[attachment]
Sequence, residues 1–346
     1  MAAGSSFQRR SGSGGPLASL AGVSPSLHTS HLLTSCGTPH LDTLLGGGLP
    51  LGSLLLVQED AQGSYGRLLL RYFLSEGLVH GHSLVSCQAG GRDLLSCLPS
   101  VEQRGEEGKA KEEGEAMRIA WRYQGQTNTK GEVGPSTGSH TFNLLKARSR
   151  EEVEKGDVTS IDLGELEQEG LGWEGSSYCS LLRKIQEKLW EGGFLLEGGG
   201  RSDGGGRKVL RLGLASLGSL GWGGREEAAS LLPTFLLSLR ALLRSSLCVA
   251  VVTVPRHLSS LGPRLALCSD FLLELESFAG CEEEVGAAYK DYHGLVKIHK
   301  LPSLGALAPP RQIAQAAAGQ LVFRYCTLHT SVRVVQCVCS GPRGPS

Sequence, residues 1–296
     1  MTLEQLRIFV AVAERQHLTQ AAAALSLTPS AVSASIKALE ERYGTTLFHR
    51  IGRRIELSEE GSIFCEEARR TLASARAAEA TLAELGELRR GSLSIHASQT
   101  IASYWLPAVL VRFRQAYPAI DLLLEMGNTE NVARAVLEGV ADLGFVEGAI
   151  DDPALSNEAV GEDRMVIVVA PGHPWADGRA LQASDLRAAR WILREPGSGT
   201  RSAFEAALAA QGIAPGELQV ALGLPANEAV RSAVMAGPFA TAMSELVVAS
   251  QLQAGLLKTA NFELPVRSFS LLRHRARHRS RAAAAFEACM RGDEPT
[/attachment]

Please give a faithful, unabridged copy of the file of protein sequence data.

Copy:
Sequence, residues 1–346
     1  MAAGSSFQRR SGSGGPLASL AGVSPSLHTS HLLTSCGTPH LDTLLGGGLP
    51  LGSLLLVQED AQGSYGRLLL RYFLSEGLVH GHSLVSCQAG GRDLLSCLPS
   101  VEQRGEEGKA KEEGEAMRIA WRYQGQTNTK GEVGPSTGSH TFNLLKARSR
   151  EEVEKGDVTS IDLGELEQEG LGWEGSSYCS LLRKIQEKLW EGGFLLEGGG
   201  RSDGGGRKVL RLGLASLGSL GWGGREEAAS LLPTFLLSLR ALLRSSLCVA
   251  VVTVPRHLSS LGPRLALCSD FLLELESFAG CEEEVGAAYK DYHGLVKIHK
   301  LPSLGALAPP RQIAQAAAGQ LVFRYCTLHT SVRVVQCVCS GPRGPS

Sequence, residues 1–296
     1  MTLEQLRIFV AVAERQHLTQ AAAALSLTPS AVSASIKALE ERYGTTLFHR
    51  IGRRIELSEE GSIFCEEARR TLASARAAEA TLAELGELRR GSLSIHASQT
   101  IASYWLPAVL VRFRQAYPAI DLLLEMGNTE NVARAVLEGV ADLGFVEGAI
   151  DDPALSNEAV GEDRMVIVVA PGHPWADGRA LQASDLRAAR WILREPGSGT
   201  RSAFEAALAA QGIAPGELQV ALGLPANEAV RSAVMAGPFA TAMSELVVAS
   251  QLQAGLLKTA NFELPVRSFS LLRHRARHRS RAAAAFEACM RGDEPT